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Why Are So Many Commodity Funds Underperforming?

Fewer than half of commodity funds are beating their benchmarks since the Russian invasion.

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Editor’s note: Read the latest on how Russia's invasion of Ukraine is affecting the global economy and what it means for investors.

Commodity prices are surging, but many investors in commodity funds are seeing some of those gains left on the table.

Everything from staples like oil and wheat to metals like nickel and palladium have surged following Russia’s invasion of Ukraine. Already driven higher from sizable demand and supply challenges, the ongoing war between two critical suppliers of major commodities has wreaked havoc on these markets and sent prices soaring to record gains.

Despite that, the majority of fund managers lag their benchmarks. Of the 29 commodity mutual fund and exchange-traded funds that use the Bloomberg Commodity Index as their primary benchmark, just eight were ahead of the index’s 27.0% year-to-date gain through March 9. Only one of the six funds that uses the next most popular index, the S&P GSCI, beats that bogy. Managers have taken advantage of recent volatility to drive better results as of late, but still, less than half of managers have outperformed their benchmarks from the start of the Russian invasion on Feb. 24 through March 9.

What’s driving this underperformance? Minor differences between the funds and the index--like which futures contract they invest in--may seem trivial but have contributed to some of these differences. Factors like this, which have traditionally been a boost for the funds versus their index, have been a headwind in what's been an incredibly volatile year for the commodity marketplace.

A Wild Week for Commodities

During the week of Feb. 28, the Bloomberg Commodity Index rose 13.0%, its highest weekly gain ever. That was double its previous highest weekly gain, which occurred during the financial crisis, when it rose 6.5% the week of March 15, 2009.


The Bloomberg Commodity Subindexes show that the surge in prices happened across the commodity complex. The Bloomberg Subindexes for Energy (up 8.9%), Grains (up 18.2%), and Industrial Metals (up 13.5%) all had their highest one-week gains ever, while the Precious Metals Index’s 5.0% gain was in the top 2% of weekly performance. The Softs (which encompasses coffee, sugar, and cotton) (up 1.0%) and Livestock (down 3.9%) indexes were off on a relative basis. On an individual commodity basis, Aluminum (up 14.7%), Wheat (up 40.6%), Petroleum (up 25.8%), Heating Oil (up 30.2%), and Brent Crude (up 25.5%) all set records as well.


- source: Morningstar

Last week was the largest move upward in commodities since at least 1990, when the Bloomberg Commodity Indexes came out. This includes the 1998 emerging-markets crisis, dot-com recession, great financial crisis, and coronavirus crash, all of which had massive market impacts.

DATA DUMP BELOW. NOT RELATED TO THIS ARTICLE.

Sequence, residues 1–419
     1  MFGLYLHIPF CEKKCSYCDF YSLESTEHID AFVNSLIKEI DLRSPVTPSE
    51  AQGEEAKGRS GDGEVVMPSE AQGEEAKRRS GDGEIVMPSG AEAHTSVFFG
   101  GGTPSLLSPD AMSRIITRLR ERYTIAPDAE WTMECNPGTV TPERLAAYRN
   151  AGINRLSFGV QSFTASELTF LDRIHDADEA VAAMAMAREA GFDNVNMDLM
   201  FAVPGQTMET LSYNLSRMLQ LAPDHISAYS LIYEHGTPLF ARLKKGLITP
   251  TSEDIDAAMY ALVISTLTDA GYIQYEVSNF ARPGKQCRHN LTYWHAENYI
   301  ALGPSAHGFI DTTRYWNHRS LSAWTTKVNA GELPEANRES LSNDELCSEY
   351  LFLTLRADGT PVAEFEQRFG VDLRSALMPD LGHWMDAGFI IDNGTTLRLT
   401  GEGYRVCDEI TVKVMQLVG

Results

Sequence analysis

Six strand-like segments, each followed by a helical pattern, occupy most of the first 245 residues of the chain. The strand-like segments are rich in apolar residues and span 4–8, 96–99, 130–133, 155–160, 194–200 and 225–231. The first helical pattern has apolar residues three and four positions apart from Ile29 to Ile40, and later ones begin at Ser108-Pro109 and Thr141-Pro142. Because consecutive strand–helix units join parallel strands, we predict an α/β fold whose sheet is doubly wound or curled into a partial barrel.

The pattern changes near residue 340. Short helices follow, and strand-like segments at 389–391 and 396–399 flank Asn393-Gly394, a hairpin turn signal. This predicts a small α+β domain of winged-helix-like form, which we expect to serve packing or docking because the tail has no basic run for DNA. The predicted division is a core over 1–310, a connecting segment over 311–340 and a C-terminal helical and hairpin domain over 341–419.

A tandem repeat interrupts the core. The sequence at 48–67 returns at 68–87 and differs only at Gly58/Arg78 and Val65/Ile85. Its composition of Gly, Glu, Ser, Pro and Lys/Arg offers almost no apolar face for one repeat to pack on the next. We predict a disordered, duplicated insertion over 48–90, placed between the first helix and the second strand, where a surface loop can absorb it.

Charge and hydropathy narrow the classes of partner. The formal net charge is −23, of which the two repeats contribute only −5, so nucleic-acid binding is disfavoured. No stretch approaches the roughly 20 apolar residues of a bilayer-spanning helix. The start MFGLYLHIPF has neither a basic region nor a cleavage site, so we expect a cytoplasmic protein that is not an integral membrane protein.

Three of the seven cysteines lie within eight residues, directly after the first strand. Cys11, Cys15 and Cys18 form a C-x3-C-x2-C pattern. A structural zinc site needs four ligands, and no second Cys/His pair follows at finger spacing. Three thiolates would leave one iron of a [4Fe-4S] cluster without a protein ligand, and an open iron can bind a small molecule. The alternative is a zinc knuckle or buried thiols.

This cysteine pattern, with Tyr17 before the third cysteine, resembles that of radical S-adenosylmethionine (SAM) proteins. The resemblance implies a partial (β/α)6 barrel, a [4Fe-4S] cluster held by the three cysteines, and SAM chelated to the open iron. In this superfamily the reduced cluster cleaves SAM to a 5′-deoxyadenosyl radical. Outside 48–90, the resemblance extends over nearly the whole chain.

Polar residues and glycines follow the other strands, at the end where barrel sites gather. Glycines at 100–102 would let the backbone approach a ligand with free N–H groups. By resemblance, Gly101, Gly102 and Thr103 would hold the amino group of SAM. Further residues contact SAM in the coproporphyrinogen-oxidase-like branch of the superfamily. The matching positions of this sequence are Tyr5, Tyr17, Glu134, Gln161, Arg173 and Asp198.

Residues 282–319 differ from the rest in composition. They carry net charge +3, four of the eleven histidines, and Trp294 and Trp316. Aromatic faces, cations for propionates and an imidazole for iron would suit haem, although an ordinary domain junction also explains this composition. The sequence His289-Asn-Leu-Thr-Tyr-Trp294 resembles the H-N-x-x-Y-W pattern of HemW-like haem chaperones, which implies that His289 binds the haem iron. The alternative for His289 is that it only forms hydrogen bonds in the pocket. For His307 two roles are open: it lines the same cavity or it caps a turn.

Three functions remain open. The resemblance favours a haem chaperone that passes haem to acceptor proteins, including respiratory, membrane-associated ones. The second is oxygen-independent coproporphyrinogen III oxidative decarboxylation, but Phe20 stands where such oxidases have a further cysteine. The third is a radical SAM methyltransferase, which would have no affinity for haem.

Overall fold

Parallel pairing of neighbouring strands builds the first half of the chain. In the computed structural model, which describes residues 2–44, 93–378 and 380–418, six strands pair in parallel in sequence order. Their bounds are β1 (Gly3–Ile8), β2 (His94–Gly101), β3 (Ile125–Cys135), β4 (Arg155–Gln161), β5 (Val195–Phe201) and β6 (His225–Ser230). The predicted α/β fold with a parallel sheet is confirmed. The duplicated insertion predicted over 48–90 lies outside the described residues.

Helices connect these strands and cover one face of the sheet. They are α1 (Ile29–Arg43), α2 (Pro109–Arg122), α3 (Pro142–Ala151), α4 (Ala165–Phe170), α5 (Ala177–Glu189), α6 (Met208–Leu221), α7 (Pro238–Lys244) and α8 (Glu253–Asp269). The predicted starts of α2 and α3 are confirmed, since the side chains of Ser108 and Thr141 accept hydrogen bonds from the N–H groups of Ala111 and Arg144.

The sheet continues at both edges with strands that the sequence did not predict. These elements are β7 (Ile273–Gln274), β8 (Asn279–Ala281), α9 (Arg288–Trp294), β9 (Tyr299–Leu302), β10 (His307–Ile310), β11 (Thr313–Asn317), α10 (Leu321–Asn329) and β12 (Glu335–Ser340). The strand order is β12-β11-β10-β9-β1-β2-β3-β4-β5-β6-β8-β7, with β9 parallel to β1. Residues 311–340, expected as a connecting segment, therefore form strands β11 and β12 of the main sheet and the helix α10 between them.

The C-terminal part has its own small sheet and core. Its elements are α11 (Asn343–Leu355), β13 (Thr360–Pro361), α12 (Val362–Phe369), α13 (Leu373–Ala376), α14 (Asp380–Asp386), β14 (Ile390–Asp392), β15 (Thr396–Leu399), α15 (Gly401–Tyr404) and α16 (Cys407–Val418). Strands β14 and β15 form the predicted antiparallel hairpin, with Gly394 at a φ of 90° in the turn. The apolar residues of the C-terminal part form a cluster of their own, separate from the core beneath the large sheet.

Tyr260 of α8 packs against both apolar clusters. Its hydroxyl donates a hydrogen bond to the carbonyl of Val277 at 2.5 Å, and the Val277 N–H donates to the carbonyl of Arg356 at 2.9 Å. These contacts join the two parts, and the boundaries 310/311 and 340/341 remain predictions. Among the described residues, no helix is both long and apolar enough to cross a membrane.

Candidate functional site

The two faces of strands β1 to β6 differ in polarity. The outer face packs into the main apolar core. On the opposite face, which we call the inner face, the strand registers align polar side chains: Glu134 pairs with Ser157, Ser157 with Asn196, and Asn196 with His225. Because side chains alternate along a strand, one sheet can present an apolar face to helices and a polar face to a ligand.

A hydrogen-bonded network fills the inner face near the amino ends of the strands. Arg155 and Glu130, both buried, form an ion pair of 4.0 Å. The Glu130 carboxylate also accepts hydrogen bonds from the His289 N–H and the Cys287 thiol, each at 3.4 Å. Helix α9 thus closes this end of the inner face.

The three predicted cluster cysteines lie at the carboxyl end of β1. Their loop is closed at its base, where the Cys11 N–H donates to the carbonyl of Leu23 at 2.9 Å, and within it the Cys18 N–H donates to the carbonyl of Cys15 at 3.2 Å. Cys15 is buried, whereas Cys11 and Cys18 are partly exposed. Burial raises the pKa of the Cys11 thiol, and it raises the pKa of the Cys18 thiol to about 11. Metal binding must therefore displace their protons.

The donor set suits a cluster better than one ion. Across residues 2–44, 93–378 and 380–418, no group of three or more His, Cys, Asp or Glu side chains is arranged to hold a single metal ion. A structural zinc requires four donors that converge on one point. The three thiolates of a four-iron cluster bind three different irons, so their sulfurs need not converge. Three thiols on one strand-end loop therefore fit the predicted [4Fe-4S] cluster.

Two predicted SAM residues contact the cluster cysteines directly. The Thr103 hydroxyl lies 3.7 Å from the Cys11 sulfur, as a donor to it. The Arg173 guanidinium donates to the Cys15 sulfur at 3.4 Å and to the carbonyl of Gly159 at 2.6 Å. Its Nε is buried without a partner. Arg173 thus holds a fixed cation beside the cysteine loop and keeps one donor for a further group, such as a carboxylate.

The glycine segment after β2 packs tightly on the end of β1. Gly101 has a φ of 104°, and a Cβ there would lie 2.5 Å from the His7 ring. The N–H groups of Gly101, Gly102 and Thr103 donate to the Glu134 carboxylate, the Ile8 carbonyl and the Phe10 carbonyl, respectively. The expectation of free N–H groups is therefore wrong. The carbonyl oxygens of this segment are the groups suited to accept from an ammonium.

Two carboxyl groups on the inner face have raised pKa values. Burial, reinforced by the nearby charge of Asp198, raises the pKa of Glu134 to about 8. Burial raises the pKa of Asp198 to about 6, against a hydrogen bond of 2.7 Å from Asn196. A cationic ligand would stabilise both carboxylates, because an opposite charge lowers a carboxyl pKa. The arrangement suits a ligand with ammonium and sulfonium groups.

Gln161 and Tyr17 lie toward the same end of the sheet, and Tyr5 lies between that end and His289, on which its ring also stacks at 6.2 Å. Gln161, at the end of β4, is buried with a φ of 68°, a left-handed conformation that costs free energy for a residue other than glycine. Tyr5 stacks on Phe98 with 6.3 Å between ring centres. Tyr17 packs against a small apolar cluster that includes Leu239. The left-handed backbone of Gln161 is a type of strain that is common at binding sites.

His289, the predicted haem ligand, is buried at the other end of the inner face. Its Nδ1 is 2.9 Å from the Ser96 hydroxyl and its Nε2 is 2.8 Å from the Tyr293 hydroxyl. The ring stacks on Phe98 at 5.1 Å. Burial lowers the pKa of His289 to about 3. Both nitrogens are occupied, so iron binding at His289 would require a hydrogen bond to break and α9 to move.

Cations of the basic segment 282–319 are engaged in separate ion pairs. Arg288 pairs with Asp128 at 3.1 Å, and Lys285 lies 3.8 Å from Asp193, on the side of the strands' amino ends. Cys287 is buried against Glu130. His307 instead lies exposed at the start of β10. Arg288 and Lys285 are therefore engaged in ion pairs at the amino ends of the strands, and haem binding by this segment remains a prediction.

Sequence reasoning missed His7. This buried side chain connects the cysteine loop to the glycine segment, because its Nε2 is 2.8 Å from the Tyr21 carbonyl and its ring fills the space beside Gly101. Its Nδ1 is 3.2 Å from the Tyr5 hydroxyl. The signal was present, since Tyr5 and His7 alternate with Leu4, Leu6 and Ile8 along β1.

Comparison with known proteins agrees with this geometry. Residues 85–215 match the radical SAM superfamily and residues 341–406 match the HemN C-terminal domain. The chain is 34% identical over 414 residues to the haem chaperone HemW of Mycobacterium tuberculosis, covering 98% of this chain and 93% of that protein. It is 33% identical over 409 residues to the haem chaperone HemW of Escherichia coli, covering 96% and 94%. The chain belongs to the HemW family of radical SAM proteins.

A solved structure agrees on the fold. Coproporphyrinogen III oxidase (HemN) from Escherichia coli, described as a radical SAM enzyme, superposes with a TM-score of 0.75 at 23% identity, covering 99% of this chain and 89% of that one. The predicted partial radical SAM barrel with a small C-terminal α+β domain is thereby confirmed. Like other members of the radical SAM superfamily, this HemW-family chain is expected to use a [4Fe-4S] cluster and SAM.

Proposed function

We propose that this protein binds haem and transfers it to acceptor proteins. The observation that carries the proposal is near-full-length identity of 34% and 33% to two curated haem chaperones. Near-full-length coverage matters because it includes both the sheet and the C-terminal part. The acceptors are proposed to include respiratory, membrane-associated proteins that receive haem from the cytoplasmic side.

The volatility has continued this week, with the Bloomberg Commodity Index rising 4.4% through Monday and Tuesday before falling 5.1% on Wednesday. This has led to knock-on effects in the market. The London Mercantile Exchange halted all trading in nickel contracts, after a massive short squeeze led to a rally of more than 200% in the futures contracts. This led to the liquidation of the WisdomTree Nickel 3x Daily Short ETF, an ETF that attempts to mirror a highly leveraged short bet on the price of nickel. The Teucrium Wheat ETF (WEAT) stopped issuing new blocks of shares after high demand caused the fund to hit a regulatory limit of new share issuance.

The war has triggered supply uncertainty and driven this move. The swift action of the international community to isolate Russia has indeed devastated its economy, with the Russian ruble trading for more than $139 U.S. dollars on March 7 after trading below $80 as recently as Feb. 23. It’s also sowed tremendous doubt about where the next barrel of oil or bushel of wheat will come from. Below is a table of commodities in the Bloomberg Commodity Index where Russia (or in the case of wheat, Russia and Ukraine combined) accounts for more than 5% of global production.[1]

The front part of the futures curve (the positions closest to being exercised) has steepened significantly. This occurrence--called backwardation--happens when there is more demand for the asset in the near future than in the distant future. There can be multiple reasons for this, including a shortage of the commodity in the spot market, heightened ambiguity surrounding short-term supply, and technical selling pressures. All are likely at play in current markets, which UBS has called “super backwardation”.


- source: https://www.erce.energy/graph/brent-futures-curve/

How Have Fund Managers Done?